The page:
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How many Operating Systems Do You Boot


How many Operating Systems Do You Boot  

152 members have voted

  1. 1. How many Operating Systems Do You Boot?

    • Just the one
    • 2
    • 3
    • 4
    • 5
    • 6
    • 7
    • 8
    • 9
    • 10-20
    • 21-30
    • 40+

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Windows XP Pro SP2 at both work (IBM T42) and home (self-built rig)... 1 is enough for me! Although I have been playing with Virtual PC 2004 lately with DOS and soon Windows 3.1 if I can ever find my old diskettes. I've been working on converting some OLD but proven aviation programs.



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[x] 10-20 -- Whew. too many!

Hardwired (host) OSes I run on my various machines:

Windows XP Professional SP2 RTM (32 bit)

Windows XP Professional x64

Windows Server 2003 Standard SP1 (32 bit)

FreeBSD 6.1-RELEASE i386

FreeBSD 6.1-RELEASE amd64

MS-DOS 6.22

DD-WRT (for my router)

OSes I run inside a VM:

*most of the above plus

Windows 2000 Professional

Windows 98 SE

Windows 95B

Various flavors of linux (at least four, change all the time)

OSes I run on boot-CDs

Windows 98 SE (just the boot portion)

DOS 6.22


Knoppix 5.01

DBAN Linux

*many more I just can't remember off-hand

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  • 3 weeks later...

For you guys who boot 10+ - Do you have EFI or do you have 6+ Linux systems, which don't need a primary partition? Either way, it seems crazy :D

I have 2 - 3: it changes frequently (1-2 XP Pro, 1 Vista RC2)

Edited by wfunction
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If you mean on one machine then I might have had close to 40 not long ago when I had various betas of Vista and most versions or each as well – Home, Ultimate, Business, BusinessN etc. At the moment that machine must have around 20 different OSes. But if you’re counting clones as well then it usually has up to 70 fully independent OSes all on their own partitions with just one boot manager. And several in VMware. It’s just a standard 3-4 year old x86 PC. Screenshot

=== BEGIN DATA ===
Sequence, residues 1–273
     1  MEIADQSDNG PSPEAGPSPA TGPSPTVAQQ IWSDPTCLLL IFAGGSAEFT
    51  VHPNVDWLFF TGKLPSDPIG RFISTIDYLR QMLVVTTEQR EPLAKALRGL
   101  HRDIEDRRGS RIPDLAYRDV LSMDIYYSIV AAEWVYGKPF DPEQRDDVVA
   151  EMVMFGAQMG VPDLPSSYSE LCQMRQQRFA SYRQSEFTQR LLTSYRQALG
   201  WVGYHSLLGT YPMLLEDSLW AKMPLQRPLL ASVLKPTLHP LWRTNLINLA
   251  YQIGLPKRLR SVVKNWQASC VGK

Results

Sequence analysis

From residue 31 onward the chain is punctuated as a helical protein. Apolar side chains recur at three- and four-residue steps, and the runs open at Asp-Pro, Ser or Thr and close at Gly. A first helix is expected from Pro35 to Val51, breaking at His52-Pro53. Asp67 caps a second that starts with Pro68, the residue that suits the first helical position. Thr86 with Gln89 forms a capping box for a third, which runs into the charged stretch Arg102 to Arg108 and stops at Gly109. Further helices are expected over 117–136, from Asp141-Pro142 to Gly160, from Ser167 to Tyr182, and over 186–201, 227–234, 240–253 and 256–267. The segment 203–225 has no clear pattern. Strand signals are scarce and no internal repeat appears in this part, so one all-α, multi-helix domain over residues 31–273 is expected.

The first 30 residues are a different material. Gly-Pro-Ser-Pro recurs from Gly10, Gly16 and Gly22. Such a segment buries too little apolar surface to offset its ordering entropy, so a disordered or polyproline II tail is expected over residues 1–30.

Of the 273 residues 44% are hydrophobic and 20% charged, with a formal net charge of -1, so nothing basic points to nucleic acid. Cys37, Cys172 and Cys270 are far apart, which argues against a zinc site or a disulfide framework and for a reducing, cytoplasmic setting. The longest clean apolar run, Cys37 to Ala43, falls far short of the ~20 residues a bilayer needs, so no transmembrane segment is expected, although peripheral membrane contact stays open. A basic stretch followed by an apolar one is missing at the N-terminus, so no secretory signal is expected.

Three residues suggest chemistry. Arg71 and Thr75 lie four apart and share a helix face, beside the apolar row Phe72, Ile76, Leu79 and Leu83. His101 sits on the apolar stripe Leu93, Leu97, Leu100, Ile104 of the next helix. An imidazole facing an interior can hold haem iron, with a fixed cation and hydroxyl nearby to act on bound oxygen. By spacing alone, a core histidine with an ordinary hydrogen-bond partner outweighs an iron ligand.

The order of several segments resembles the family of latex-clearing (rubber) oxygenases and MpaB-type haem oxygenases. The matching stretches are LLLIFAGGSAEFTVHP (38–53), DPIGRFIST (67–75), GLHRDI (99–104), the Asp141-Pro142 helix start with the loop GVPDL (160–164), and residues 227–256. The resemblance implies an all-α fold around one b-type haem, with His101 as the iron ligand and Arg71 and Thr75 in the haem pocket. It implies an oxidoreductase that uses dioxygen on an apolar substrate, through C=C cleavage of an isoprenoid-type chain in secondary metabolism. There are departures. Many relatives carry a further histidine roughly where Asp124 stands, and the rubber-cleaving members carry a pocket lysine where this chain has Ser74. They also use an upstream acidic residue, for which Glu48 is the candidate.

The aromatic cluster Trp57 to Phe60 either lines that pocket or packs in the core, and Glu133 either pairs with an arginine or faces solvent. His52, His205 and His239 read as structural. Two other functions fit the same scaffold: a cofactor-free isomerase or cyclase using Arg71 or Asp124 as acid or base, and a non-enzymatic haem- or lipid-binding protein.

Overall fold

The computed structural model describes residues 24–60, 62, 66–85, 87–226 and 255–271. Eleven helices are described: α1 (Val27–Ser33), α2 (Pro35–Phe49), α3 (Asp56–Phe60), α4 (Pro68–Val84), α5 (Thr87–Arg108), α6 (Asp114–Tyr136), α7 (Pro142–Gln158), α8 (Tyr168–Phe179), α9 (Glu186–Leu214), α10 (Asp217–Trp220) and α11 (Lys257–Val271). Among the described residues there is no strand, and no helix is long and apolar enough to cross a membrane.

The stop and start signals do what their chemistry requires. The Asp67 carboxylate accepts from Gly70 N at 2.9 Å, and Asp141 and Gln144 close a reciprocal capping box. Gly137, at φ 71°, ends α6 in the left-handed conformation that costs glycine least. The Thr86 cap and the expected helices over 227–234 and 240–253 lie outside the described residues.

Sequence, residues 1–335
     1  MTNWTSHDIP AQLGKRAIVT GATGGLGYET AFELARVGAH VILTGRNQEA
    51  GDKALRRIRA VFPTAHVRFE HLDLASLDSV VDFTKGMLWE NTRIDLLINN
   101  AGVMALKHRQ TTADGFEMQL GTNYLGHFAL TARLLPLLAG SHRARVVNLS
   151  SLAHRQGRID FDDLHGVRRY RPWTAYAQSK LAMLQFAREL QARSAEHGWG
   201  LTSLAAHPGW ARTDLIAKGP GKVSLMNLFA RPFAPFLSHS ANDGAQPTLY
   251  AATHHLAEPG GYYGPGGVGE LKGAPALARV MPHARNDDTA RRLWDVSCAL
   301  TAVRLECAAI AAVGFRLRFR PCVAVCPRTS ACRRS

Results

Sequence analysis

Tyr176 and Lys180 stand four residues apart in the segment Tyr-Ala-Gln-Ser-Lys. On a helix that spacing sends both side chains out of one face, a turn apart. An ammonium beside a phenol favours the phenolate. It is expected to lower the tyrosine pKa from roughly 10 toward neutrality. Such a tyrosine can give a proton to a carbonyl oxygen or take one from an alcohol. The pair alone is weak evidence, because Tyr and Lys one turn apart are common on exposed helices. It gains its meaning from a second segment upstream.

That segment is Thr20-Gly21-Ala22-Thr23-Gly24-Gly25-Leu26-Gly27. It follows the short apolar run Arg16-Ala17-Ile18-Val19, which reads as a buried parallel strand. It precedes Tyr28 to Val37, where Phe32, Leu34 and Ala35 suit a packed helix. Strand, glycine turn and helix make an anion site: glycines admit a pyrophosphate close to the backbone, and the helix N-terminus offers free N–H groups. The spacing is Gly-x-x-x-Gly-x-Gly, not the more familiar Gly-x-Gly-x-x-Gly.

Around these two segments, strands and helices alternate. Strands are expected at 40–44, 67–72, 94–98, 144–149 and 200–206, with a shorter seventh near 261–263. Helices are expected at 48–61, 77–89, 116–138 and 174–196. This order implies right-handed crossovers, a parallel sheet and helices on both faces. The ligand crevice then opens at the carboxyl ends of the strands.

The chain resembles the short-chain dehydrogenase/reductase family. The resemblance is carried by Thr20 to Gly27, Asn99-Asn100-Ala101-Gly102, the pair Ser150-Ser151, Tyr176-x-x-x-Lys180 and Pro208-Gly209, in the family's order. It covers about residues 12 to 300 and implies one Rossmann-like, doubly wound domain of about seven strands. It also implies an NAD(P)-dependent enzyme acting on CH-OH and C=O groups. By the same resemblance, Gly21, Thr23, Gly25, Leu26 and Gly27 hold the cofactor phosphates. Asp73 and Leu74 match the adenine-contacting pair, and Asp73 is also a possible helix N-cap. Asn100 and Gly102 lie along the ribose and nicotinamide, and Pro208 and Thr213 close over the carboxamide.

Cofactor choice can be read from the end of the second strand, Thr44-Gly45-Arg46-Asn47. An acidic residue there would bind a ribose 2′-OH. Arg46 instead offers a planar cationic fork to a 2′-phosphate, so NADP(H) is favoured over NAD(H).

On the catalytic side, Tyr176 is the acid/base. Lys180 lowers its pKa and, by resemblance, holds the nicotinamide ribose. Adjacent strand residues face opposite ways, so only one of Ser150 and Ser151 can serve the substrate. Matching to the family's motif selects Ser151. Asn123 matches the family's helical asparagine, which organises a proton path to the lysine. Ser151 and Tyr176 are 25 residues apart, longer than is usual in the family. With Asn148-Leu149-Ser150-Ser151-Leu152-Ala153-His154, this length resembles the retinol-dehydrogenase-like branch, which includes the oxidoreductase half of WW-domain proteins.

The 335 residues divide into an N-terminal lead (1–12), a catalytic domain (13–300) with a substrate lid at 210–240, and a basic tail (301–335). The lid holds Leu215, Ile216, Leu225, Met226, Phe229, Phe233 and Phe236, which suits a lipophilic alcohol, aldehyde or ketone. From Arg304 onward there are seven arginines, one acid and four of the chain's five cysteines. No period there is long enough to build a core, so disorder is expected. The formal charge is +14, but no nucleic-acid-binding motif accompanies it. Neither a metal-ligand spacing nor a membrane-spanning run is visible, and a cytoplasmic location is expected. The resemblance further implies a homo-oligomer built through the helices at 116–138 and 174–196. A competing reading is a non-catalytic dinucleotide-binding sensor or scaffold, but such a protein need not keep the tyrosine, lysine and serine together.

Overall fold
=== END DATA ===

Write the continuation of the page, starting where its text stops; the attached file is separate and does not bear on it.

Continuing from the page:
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There is four 160gig drives there. 18 bootable OSes per drive is a limitation of my bootmanager.

There have been a few people in this thread saying they can’t run Windows independently from logical partitions. It’s true you can’t install to a logical without using the Windows bootmanager, but you can clone an install there and so free up the primaries, then use another boot manager. If you use a compatible cloning tool and bootmanager then all you have to do with NT is edit the boot.ini in the clone to point to the correct partition number, (normal cloning precautions apply with NT if the parent is going to be present on the system during first boot of the clone). With Win9x there is no boot.ini so they boot fine as is. You just need your bootmanager to hide the partitions before it.

You can do the required partition tweaks manually if need be.


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  • 3 weeks later...
  • 1 year later...

On all the various machines I work on...

Windows XP Professional SP3

Windows XP Professional x64 SP2

Windows Server 2003 Enterprise SP2

Windows Vista Business SP1

Fedora 8 64-bit

CentOS5 32-bit

CentOS5 64-bit

OSX 10.5

RHEL5 64-bit

I chose 10-20... :P

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  • 2 weeks later...

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